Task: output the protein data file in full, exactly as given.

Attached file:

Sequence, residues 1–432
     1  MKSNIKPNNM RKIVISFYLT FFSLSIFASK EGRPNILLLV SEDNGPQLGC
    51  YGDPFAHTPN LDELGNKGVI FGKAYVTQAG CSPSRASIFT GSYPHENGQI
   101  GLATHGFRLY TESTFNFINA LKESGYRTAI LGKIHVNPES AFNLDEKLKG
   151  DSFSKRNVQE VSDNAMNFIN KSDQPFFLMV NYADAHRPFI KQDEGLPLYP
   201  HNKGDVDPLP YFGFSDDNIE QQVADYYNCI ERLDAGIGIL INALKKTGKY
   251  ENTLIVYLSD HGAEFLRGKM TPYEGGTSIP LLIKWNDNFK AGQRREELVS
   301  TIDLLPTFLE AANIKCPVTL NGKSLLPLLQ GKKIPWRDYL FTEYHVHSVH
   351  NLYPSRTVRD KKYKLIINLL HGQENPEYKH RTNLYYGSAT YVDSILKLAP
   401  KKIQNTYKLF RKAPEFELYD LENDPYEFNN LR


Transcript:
Sequence, residues 1–432
     1  MKSNIKPNNM RKIVISFYLT FFSLSIFASK EGRPNILLLV SEDNGPQLGC
    51  YGDPFAHTPN LDELGNKGVI FGKAYVTQAG CSPSRASIFT GSYPHENGQI
   101  GLATHGFRLY TESTFNFINA LKESGYRTAI LGKIHVNPES AFNLDEKLKG
   151  DSFSKRNVQE VSDNAMNFIN KSDQPFFLMV NYADAHRPFI KQDEGLPLYP
   201  HNKGDVDPLP YFGFSDDNIE QQVADYYNCI ERLDAGIGIL INALKKTGKY
   251  ENTLIVYLSD HGAEFLRGKM TPYEGGTSIP LLIKWNDNFK AGQRREELVS
   301  TIDLLPTFLE AANIKCPVTL NGKSLLPLLQ GKKIPWRDYL FTEYHVHSVH
   351  NLYPSRTVRD KKYKLIINLL HGQENPEYKH RTNLYYGSAT YVDSILKLAP
   401  KKIQNTYKLF RKAPEFELYD LENDPYEFNN LR